In each of the above examples, it would be great if all three methods gave you the exact same numbers for each question. But records kept by human beings are imperfect – in the first example, unless you are scrupulous about reconciling your schedule against your charted notes, and your billing against your schedule, you will occasionally have discrepancies. In the second example, any practice who regularly reconciles their physical inventory of vaccines will find vaccine administration errors. And in the third example, it would be great to think that all of a busy practice’s asthmatics are properly recorded in the problem list and have a current asthma action plan, but practically speaking, that just doesn’t happen 100%. of the time. In fact – are you even sure that 100% of asthmatics in your practice have “Asthma” as an active problem in their problem list? (And how are you sure that you’re sure?)
Depending on which of the data sources you use to answer each of these questions, the reports may vary — sometimes significantly.
I Have Bad News: Your Data Isn’t Perfect
Don’t be surprised with the result of an OP report’s “discrepancies” when the discrepancy is not caused by the report itself, but by inconsistent data entered by human beings into the database.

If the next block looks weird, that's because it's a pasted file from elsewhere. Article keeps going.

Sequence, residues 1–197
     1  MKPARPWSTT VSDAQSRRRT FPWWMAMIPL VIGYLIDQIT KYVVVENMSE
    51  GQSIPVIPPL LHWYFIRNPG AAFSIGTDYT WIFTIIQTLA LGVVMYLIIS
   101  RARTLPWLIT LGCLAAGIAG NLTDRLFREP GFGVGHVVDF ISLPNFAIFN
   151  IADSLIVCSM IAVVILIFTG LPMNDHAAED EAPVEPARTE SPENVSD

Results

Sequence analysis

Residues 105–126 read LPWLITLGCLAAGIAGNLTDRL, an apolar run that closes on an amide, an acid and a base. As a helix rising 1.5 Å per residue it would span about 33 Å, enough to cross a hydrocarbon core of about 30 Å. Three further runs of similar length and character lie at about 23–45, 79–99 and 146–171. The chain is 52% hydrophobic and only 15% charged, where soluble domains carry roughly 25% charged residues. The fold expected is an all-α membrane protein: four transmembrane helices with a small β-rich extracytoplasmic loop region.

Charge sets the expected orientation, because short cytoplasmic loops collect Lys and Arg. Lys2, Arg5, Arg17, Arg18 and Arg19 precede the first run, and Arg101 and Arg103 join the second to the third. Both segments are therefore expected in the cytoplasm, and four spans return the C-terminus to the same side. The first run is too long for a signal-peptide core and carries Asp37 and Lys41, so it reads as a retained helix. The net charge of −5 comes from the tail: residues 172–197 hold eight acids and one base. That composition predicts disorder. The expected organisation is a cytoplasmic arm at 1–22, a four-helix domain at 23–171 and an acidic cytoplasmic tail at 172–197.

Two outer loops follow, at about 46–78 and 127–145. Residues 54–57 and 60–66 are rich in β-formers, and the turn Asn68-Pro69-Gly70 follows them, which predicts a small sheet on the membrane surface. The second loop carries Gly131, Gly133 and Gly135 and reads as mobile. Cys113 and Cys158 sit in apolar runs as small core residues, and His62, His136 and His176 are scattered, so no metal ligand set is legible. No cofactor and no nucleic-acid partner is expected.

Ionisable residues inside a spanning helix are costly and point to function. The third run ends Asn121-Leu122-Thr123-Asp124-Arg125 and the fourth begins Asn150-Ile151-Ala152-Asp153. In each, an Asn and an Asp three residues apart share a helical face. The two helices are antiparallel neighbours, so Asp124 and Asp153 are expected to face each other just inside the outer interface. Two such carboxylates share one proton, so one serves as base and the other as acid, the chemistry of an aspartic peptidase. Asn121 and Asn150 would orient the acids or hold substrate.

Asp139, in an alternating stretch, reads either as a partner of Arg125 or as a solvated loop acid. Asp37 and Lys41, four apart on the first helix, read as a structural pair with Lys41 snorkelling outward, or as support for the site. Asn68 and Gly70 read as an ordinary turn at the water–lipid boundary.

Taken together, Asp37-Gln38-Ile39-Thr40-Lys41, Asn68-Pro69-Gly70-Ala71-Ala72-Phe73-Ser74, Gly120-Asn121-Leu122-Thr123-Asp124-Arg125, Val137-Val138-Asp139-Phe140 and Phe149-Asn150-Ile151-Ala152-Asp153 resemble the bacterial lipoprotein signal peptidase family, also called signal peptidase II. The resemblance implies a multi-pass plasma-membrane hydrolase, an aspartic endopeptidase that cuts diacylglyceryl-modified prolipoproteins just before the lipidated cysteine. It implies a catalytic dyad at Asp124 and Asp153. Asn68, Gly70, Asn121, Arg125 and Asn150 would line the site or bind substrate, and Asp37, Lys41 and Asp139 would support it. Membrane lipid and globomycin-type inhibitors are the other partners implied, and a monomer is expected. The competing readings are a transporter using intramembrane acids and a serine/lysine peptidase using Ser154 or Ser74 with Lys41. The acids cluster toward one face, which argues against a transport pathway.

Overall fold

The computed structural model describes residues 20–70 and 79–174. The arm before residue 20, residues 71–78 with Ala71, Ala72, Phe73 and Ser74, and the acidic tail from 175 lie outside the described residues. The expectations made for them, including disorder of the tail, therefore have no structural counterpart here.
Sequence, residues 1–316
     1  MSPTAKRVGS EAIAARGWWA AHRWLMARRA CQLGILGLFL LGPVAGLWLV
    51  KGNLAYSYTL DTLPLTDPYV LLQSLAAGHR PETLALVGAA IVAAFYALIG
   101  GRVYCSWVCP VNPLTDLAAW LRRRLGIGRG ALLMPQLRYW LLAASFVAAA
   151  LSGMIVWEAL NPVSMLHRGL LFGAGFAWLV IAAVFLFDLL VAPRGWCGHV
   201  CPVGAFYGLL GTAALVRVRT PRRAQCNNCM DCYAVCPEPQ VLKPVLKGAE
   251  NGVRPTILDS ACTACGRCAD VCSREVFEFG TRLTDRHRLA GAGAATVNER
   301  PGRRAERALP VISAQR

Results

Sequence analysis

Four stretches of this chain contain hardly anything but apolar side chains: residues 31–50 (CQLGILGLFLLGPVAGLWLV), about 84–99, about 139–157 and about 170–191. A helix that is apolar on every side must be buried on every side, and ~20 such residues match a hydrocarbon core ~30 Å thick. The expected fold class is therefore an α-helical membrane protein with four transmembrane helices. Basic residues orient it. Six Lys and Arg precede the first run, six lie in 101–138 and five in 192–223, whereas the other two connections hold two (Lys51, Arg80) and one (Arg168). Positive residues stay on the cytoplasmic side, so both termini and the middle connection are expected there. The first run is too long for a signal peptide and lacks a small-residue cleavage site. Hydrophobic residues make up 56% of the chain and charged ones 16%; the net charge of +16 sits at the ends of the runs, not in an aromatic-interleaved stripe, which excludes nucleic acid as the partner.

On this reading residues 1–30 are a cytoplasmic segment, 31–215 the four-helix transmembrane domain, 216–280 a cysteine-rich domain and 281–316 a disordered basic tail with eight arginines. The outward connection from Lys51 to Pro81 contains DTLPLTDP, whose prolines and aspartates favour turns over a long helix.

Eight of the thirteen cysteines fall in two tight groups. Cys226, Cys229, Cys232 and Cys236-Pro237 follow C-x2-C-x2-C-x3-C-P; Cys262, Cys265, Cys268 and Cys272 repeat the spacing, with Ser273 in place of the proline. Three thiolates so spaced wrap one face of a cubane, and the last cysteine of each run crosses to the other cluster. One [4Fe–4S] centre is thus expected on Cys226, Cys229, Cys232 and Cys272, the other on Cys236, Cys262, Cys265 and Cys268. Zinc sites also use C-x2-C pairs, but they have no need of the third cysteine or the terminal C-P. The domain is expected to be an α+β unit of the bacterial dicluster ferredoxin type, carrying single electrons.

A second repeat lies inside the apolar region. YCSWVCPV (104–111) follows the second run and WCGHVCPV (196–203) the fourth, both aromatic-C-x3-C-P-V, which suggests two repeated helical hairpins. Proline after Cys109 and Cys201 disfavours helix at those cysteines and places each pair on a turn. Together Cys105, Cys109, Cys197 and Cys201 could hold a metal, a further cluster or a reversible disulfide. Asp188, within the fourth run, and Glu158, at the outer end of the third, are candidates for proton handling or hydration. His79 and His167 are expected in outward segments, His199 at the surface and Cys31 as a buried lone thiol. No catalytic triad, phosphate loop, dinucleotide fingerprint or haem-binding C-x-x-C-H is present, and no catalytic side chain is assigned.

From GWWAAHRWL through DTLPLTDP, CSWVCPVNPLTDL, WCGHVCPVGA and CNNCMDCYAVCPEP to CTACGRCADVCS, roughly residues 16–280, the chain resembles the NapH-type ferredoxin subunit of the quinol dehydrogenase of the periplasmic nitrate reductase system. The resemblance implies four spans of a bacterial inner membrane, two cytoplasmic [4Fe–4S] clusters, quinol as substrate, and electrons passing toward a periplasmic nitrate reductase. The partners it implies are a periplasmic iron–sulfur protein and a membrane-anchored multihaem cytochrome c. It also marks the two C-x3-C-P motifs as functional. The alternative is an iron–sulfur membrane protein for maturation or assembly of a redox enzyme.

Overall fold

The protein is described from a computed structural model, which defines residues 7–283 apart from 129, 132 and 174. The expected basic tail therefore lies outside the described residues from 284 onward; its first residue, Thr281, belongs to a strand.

On the other hand, parallax may be useful — that is, reports with discrepancies may give you good opportunities to improve your process. Let’s say for the month of January, you had 358 completed appointments on the schedule but only 352 billed encounters. This means either:
- You missed an opportunity to bill for 6 patients, or
- You had 6 patients who cancelled their appointment and/or didn’t come, but the appointment was accidentally marked “completed” rather than a more appropriate disposition (“no show,” “cancelled,” etc.
In either situation, you can use the opportunity to A) improve your billing or B) improve your scheduling.
Sometimes, even if your data is perfect, three different methods won’t give you the same numbers because the methods are designed to give three different answers. For example: how much revenue did I bring in for the month of February?
By this, do you mean…
- How much cash entered the practice in February that was attached to current or prior work?
- For patients I saw in February, how much cash came in – at any time in February or since then?
- For patients I saw in February, how much cash came in for that work before the end of February?
Each of these might be a useful number to know, depending on your purpose, but they are different numbers. If you try to reconcile two financial reports based on two different methodologies, you will be frustrated by an impossible task.
For financial and accounting reports, there are a few additional peculiarities:
- For the “month of February,” this means 2/1 through 2/28 – but this can be defined as payment dates, payment-posted dates, or daysheet dates.
- Payments may appear on one day, but if they are corrected, voided, or recouped later, you may need to determine whether the original payment or the corrected payment should appear in the originally-posted date, and whether anything should appear on the corrected date.